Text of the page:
The Suit

  • Our critic's rating:
    Wednesday, May 23, 2012

    What would you do if you arrived home unexpectedly, and discovered your wife (or partner) in bed with someone else? Well, in this play the result is not quite what you might expect, even if the title gives an enigmatic clue. It is not violent retribution that is set alight, here, but a peculiar psychological punishment which at first sight seems amusing and almost harmless, but ultimately has devastating consequences.

    Part of the World Stages London season (hosted at the Young Vic and several other leading London venues), 'The Suit' was originally a short story written back in the 1950s by a South African, Can Themba. His works were banned by the Government of the time and the author was exiled to Swaziland where he quickly died of a fatal mix of poverty and alcohol.

    The sadness of Can Themba's life and the hideous injustice of Apartheid are both reflected in 'The Suit', but even if the play has rather sad undertones throughout, it does not actually start that way. Jared McNeill acts as a kind of narrator introducing us to life in the township where the story is set. Talking directly to the audience, Mr McNeill produces instant engagement and rapport, pretending to pass round 'puff' and clinking invisible glasses with people in the front row. Next, we meet Philemon (that is my guess at his name, since the programme and all other publicity fails to give it). He seems content, with a beautiful wife and a job as a sort of PA. But when he bumps into a friend on the way to work, he is in for a shock. Returning home he discovers his wife in bed with another man who manages to escape (leaving his suit behind in the process), and leaving Matilda to face the music. Philemon decides to punish Matilda by having her treat her lover's suit like an honoured guest who must be present at meals, when taking a walk and even when the pair are holding a big party at their home. The punishment turns out to be much more spitefully cruel and brutal than it first appears, and more than Matilda can endure.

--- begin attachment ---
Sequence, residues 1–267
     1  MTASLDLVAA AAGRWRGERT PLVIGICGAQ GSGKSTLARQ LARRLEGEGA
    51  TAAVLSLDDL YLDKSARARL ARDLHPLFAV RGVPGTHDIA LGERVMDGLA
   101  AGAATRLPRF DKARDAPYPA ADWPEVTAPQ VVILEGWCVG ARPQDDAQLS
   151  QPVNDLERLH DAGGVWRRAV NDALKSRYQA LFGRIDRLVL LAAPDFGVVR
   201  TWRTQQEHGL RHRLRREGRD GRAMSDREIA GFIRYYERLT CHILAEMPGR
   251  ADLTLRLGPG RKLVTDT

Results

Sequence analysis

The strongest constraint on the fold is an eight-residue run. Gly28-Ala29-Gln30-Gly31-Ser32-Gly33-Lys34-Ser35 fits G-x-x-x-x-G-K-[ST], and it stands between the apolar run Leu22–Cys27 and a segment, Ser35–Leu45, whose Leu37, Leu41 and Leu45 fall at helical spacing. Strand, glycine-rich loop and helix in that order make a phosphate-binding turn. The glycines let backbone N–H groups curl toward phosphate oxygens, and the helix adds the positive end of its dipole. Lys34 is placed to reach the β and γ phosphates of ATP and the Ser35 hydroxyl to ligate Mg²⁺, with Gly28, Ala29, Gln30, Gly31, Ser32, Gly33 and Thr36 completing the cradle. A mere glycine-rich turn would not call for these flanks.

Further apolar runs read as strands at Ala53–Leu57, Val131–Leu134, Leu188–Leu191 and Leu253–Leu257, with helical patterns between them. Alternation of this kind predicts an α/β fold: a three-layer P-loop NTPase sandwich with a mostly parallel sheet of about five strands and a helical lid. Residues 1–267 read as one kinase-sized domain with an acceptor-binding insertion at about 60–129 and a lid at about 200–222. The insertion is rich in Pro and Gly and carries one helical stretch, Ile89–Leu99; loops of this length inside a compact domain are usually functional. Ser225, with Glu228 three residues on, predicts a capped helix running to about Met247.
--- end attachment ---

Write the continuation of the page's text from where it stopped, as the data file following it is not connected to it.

'The Suit' is a strange kind of show which is hard to describe accurately. Music is played in the background almost throughout and there's haunting singing from Nonhlanhla Kheswa and Jared McNiell. You might think that makes it a musical, but it really is not, at least not in the traditional sense. A more apt description might be a musical play, but even that is not sufficiently precise. There's more of a cabaret atmosphere in the way this show is constructed and performed, partly because of the intimate nature of the subject, partly because it is performed by a fine, small team of 4 actors and 3 musicians, and partly because the audience are so close to and involved in the action – it's almost like being in a jazz club. In fact, the play is more about intimacy than anything else which fits neatly with the theme of betrayal arising from Matilda's infidelity and it is reflected in almost every aspect of the production.

    This is just the kind of play that the Young Vic was designed for, and pulls-off quite brilliantly. It is a remarkably refreshing, warm and endearing play with appealing characterisations, wonderfully melancholic singing and a well- balanced mix of humour and drama. 'The Suit' might be a short play (around 75 minutes long, without an interval), but it draws you in from the very first minute, keeps you transfixed, and like most plays of this seductively simple style, leaves you begging for more, perhaps with a tear in your eye. The audience loved every moment of it, and so did I.

    (Peter Brown)

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